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Tom Brokaw Has Been Accused Of Trying To Forcibly Kiss A Younger NBC Colleague

Brokaw strongly denies the woman's accusations, calling them in an email to colleagues "a long list of grievances from a former colleague who left NBC News angry that she had failed in her pursuit of stardom."

Last updated on April 27, 2018, at 6:03 p.m. ET

Posted on April 26, 2018, at 9:22 p.m. ET

Tom Brokaw
Paul Morigi

Tom Brokaw

Tom Brokaw is being accused of groping and twice trying to forcibly kiss a younger NBC News colleague in the 1990s.

Variety and the Washington Post on Thursday published the account of Linda Vester, who alleges Brokaw repeatedly harassed and humiliated her when she was a young journalist trying to rise through the ranks of the network.

Friends who Vester told at the time corroborated her story to Variety and the Post, which also reviewed her diary entries that recorded the alleged interactions.

Brokaw was a marquee anchor for NBC, where he has hosted Today, NBC Nightly News, and at one point Meet the Press. He now serves as a special correspondent and works on documentaries.

Tom Brokaw pauses during a taping of Meet the Press in 2008.
Alex Wong / Getty Images

Tom Brokaw pauses during a taping of Meet the Press in 2008.

NBC did not immediately return BuzzFeed News' request for comment, but in a statement to Variety issued through a spokesperson for the network, Brokaw, 78, disputed Vester's allegations as an inaccurate version of events.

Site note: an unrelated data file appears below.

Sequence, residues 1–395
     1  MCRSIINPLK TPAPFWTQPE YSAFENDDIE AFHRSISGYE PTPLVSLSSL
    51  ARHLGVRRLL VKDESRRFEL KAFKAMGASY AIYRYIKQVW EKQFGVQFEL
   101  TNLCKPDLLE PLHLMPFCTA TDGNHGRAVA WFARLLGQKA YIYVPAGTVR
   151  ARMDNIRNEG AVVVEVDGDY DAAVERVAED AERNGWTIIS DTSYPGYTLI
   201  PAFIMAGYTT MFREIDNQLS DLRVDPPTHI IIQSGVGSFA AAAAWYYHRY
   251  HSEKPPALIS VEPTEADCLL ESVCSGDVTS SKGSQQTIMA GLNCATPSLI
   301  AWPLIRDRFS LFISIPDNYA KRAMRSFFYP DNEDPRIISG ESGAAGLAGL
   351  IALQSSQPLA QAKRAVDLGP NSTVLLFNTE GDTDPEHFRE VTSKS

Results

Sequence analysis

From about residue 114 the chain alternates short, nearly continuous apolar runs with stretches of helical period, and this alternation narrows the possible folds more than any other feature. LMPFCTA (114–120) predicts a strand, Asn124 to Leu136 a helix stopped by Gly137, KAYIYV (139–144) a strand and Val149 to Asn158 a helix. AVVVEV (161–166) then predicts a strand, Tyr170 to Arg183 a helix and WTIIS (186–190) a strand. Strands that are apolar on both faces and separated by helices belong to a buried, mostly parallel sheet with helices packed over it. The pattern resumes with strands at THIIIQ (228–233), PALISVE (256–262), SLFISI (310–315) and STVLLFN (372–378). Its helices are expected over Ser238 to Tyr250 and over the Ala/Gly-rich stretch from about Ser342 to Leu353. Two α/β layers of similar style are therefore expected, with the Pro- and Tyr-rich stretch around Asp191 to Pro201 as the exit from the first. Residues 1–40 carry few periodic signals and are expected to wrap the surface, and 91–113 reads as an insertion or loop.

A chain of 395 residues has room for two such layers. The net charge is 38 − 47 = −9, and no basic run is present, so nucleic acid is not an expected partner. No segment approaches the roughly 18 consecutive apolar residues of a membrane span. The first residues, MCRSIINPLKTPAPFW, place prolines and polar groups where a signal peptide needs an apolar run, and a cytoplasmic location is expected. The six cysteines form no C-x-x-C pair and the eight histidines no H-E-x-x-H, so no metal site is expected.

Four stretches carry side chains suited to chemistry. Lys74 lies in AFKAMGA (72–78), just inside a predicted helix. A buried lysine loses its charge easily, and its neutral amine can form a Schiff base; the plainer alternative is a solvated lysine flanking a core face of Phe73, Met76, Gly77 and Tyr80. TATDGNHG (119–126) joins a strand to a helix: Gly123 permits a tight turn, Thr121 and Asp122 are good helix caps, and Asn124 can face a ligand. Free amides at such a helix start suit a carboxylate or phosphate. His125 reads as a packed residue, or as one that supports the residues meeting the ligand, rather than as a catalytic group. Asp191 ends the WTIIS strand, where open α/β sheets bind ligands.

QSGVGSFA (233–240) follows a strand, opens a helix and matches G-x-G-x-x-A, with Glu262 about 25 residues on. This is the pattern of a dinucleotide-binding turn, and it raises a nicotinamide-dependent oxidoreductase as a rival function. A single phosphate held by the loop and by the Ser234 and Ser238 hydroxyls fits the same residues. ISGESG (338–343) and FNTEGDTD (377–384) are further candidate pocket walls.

"I met with Linda Vester on two occasions, both at her request, 23 years ago because she wanted advice with respect to her career at NBC," he said. "The meetings were brief, cordial and appropriate, and despite Linda’s allegations, I made no romantic overtures towards her at that time or any other."

In an email from Brokaw obtained by the Hollywood Reporter, the journalist defended his legacy and character to his NBC colleagues Friday morning.

"I am angry, hurt and unmoored from what I thought would be the final passage of my life and career, a mix of written and broadcast journalism, philanthropy and participation in environmental and social causes that have always given extra meaning to my life," he wrote. "Instead I am facing a long list of grievances from a former colleague who left NBC News angry that she had failed in her pursuit of stardom."

Meanwhile, Brokaw withdrew as a commencement speaker at Connecticut's Sacred Heart University next month, saying it would be a distraction.

For her part, Vester said she decided to come forward now to shed light on a culture of misconduct and lack of action at NBC, which recently fired one of its biggest news stars, Today cohost Matt Lauer, over similar allegations of sexual misconduct.

"I am speaking out now because NBC has failed to hire outside counsel to investigate a genuine, long-standing problem of sexual misconduct in the news division," Vester, 52, told the Post.

Another woman, who spoke on the condition of anonymity, told the Post that Brokaw acted inappropriately toward her in the ’90s when she was a production assistant at the network, which Brokaw also denied.